An Unforgettable Road to Taglang La Pass
Taglang La is a high mountain pass at an elevation of 5.328m (17,480ft) above the sea level, located in the Ladakh region of the Indian state of Jammu and Kashmir. It’s one of the highest roads of the country.
Can you drive to Taglang La?
The road to the summit is well paved with occasional streams crossing. It’s called NH-3 (Leh-Manali Highway). It is the highest point of the famous Himalayan road. At the top there’s a local sign that incorrectly claims 17,582 feet, which would be 5,359 metres. It is no longer accurate after construction of several other higher motorable passes.
How long is Taglang La?
The pass is 127 km (78.91 miles) long, running north-south from Upshi to Pang. Even heavy load traffic makes use of that road to get to the town of Leh.
Is Taglang La open?
Situated on the northern part of the country, this road is totally impassable from late October through late June or early July. The weather in summers varies between 10°C to 25°C. Altitude and extreme weather are always a factor.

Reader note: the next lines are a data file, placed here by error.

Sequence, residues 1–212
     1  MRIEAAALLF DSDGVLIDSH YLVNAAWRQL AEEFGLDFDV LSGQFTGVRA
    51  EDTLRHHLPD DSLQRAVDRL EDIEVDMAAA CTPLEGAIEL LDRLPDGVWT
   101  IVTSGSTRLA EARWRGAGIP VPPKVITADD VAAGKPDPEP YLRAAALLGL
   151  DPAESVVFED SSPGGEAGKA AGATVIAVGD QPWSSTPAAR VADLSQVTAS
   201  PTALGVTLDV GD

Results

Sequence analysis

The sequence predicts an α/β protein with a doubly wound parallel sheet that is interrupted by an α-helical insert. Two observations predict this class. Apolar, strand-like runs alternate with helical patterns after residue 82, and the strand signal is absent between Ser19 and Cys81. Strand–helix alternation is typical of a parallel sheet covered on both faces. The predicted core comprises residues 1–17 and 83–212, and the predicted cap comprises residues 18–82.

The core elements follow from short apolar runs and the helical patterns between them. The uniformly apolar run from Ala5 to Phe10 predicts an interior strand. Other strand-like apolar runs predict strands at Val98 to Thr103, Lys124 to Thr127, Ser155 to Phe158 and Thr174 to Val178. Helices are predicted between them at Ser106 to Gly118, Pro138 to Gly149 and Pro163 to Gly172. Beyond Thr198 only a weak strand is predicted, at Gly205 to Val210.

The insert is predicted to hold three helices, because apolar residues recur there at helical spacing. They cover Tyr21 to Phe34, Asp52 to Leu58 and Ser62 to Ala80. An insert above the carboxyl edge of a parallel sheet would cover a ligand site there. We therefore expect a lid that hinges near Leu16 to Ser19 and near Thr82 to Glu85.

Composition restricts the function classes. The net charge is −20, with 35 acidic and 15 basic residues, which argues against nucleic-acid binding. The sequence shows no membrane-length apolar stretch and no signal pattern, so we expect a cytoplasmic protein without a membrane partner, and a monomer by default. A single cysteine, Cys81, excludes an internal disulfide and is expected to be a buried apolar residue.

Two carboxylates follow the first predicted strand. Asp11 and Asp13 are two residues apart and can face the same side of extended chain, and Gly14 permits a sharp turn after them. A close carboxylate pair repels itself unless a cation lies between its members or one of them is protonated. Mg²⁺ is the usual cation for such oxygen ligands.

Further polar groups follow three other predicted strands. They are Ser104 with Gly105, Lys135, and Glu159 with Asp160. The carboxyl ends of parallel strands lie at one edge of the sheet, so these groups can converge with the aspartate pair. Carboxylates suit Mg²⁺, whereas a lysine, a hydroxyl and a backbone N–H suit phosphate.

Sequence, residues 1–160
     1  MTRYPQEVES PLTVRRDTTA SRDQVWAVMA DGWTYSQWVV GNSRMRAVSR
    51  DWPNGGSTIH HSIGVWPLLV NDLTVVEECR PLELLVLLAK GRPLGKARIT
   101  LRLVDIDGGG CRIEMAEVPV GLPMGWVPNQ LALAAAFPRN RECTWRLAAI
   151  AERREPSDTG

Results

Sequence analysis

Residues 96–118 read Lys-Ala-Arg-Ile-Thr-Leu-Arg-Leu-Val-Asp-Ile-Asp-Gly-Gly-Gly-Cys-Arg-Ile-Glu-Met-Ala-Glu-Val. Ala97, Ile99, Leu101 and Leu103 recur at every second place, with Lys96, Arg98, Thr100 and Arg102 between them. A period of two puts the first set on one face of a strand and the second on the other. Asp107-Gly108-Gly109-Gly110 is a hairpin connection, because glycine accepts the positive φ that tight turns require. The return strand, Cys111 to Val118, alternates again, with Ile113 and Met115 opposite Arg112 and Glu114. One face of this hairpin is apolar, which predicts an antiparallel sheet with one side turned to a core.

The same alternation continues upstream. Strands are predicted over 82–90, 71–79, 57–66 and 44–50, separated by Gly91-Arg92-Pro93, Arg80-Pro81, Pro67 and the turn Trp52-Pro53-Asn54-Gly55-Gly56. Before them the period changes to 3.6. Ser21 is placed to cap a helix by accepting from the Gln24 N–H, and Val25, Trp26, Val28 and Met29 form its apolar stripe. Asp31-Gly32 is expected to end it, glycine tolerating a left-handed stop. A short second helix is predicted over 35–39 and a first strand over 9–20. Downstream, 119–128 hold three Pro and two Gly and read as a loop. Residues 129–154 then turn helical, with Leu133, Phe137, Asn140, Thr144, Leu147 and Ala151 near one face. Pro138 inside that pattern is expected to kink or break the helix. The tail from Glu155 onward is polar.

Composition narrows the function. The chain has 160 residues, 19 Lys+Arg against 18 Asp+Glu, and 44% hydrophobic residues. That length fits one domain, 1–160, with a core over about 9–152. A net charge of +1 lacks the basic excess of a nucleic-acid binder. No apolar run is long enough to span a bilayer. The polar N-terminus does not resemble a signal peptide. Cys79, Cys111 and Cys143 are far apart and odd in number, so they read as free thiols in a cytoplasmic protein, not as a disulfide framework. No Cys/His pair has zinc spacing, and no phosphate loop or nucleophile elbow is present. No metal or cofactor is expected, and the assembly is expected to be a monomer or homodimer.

How hard is Taglang La?
The road is an exciting challenge. If you happen to be scared of heights, you should probably stay away from driving through this pass. It is reasonably easy to drive compared to most of the other roads on the area and is frequented by trucks and buses so you should do just fine in whatever you're driving, oxygen and weather permitting. Oxygen level is half of that at sea level. Remember the supply of oxygen can get dangerously low, and riders and tourists also often fall sick while driving to this pass. Do keep in mind that if you suffer from respiratory or cardiac problems, this trip should be avoided.
How long does it take to drive Taglang La?
To drive the road without stopping will take most people between 2.5 and 3.5 hours. The pass summit, also known as Tanglang La, is marked by hundreds of Buddhistic prayer flags. It is said to be the residence of Changpa herdsman 'a nomad who is seen herding the cattle and goats every day. The pass has in the past served as a trade route and a religious centre. The vegetation here is sparse, but the landscape varies from groups of ashen mountains to scenic plains.
Pic: Yuji Kimura